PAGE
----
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It took a while to write this piece. Originally my focus was going to be on flooding and high-water safety with a focus on low-water crossings, and most of it is. However, it is hard to write about flooding when clouds of dust follow horses around in our pasture!
On the other hand, many have experienced plenty of recent rain, especially people south of Interstate Highway 44. So, let’s just call this an “odds and ends” weather piece.
The month of May started and ended dry at my house, with just a brief period of rainy weather in the middle. I’m glad about the rain we got. The U.S. Drought Monitor web page had the Springfield metropolitan region in abnormally dry conditions early in May, but the rains eased that slightly, at least briefly.
High pressure and (mostly) dry weather brought back drier soil conditions for some of us. Some humid weather with spotty showers and thunderstorms did finally occur to end the month of May. Forecast guidance for the next two weeks is a mixed bag (through June 14), but there is a hint of some rain at times, especially west of Springfield. We’ll see how it goes.
Personally, I’m hoping for more rain, but not too much. I know how fast Midwest weather can change. One good thing about the late May dry weather: I’ve seen lots of hay fields recently being cut, dried, and bailed.
More entrenched and serious true drought conditions exist not too far away from the Springfield area to the north and west, and there doesn’t look like any widespread heavier rain for the next few days. I’ve been told by more than one farmer that in the summer your next drought is always three weeks away. Well, for many north of I-44, that is easily already the case.
I found it a little unusual in May to see a pattern where weaker winds aloft allowed for slower less organized “multicell clusters” and “pulse” storms rather than more organized stronger storms. You can get severe weather with these types of storms, but in general, reports are more localized. Our new deck got a baptism by hail just days after completion on May 9. Other storms on May 15 brought isolated severe weather (and even a brief weak tornado in southern Dallas County). With abundant moisture/humidity, and slow-moving storms, excessive runoff and flooding resulted in a few low-water crossings being closed.
The Missouri Ozarks flooding and high-water hazards
May, June, and July mean more outdoor activities with school out. Boating, lazy floats down the creeks, camping, and fishing are all popular outdoor activities enjoyed in our area. This time also normally coincides with heavier rains and the potential for more frequent flooding. This means all the great outdoor activities can come with a higher-than-normal vulnerability where weather safety is concerned.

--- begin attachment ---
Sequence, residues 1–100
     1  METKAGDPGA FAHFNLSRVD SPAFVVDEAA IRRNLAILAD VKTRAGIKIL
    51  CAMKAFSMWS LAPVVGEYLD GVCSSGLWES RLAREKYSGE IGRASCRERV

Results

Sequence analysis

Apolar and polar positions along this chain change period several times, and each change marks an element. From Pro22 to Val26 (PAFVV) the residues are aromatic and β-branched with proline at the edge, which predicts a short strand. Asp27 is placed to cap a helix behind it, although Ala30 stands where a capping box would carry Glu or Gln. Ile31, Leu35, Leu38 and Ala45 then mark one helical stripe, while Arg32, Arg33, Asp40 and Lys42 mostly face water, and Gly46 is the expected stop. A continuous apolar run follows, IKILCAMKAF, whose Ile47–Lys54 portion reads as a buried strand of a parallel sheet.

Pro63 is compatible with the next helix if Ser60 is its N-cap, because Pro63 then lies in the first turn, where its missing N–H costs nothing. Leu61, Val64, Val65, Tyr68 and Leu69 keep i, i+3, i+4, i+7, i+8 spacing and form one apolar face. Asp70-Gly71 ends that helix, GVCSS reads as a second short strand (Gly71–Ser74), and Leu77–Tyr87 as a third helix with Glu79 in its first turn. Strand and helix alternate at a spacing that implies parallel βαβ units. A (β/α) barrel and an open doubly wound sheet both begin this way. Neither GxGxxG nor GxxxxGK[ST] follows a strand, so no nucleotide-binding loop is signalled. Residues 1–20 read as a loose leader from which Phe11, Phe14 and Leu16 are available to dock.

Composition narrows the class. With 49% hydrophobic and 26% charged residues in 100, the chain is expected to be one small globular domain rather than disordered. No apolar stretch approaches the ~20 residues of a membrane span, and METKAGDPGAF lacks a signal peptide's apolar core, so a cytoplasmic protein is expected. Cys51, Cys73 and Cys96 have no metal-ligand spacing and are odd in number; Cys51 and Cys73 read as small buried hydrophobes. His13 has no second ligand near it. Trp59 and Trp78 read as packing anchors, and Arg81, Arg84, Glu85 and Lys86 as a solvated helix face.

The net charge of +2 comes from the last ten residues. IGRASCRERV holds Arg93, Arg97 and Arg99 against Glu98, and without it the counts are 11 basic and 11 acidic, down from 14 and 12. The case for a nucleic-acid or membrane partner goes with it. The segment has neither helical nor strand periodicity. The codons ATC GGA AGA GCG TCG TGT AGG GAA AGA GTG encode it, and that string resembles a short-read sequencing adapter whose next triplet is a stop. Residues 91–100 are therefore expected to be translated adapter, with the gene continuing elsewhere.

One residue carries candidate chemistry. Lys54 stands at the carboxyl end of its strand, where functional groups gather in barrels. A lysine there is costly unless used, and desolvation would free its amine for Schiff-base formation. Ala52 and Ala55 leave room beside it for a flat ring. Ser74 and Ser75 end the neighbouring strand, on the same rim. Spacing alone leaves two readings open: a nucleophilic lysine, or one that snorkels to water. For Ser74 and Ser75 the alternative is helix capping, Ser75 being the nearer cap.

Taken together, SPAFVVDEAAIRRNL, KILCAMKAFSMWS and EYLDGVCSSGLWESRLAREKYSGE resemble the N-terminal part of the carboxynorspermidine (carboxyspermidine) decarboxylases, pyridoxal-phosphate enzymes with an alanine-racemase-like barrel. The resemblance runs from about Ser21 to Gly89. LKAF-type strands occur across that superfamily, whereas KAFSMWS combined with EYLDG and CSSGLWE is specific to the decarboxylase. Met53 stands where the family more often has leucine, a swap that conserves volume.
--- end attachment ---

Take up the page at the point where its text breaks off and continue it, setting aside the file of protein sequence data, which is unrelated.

Even when rivers aren’t in flood, water flow rates are often faster than normal.
Low-water crossings: I had never heard of low-water crossings until I moved to Springfield in the mid-1990s.
When working at the National Weather Service, I can remember many times talking to dispatchers and emergency management during heavy rain situations. A typical question we would ask would simply be, “Do you have any flooding?” A not uncommon answer would be “It’s flooding in the usual spots.”
The answer was often given without a lot of concern. After all, flooding at these locations is frequent. Over time, I came to realize that sometimes it’s those “usual spots” that can get you into trouble, and they were almost always low-water crossings.
Heavy rain on March 23, 2023, produced the last incident of widespread flooding in the Missouri Ozarks along with three fatalities involving cars being swept off low-water crossings in Webster and Wright counties east of Springfield. Both of these incidents occurred in the evening, presumably with poor lighting and visibility when it is harder to recognize or see the dangers of the flooded roadway. Hilly terrain can also obstruct the hazard with poor line-of-site.
Why are there so many low-water crossings in the Missouri Ozarks?
The Ozarks is a hilly region with many small streams and rivers. Creek and small river valleys cut into the Missouri Ozark Plateau, which runs roughly from the Arkansas state line southwest of Cassville to the St. Francois Mountains in southeast Missouri. The terrain makes it difficult and expensive to build bridges over all the waterways and flood plains, so low-water crossings, in many cases, are more practical. This is especially true in flood plains that have little or no water flowing through them a vast majority of the time.
When heavy or torrential rain occurs in a creek basin upstream from a low-water crossing, a sudden “wall of water” can change a dry or low-flow creek bed into a raging flood in just minutes. The sudden flash flood makes it difficult to recognize the danger before it occurs. An example is Roaring River State Park where steep surrounding terrain can change the river flow very quickly.
Low-Water Crossing Safety
The National Weather Service has worked closely with the Missouri Department of Transportation (MoDOT) and other agencies, and they list flood-vulnerable locations in their flood and flash flood warnings. There are also smartphone apps that have excellent radar and warning displays. As always, knowing the weather and hydrological conditions before you travel is a good practice. MoDOT has a traveler’s information map that displays road closures for state and federal interstate highways.
The Missouri State Emergency Agency also has some good safety education information specifically geared toward low-water crossing safety.
I will feature comments and questions in future articles. Future ideas: I’m thinking of featuring what smartphone apps or websites you like to use to follow the local weather. Please send your email to DrewAlbert@protomail.com. Have a great month.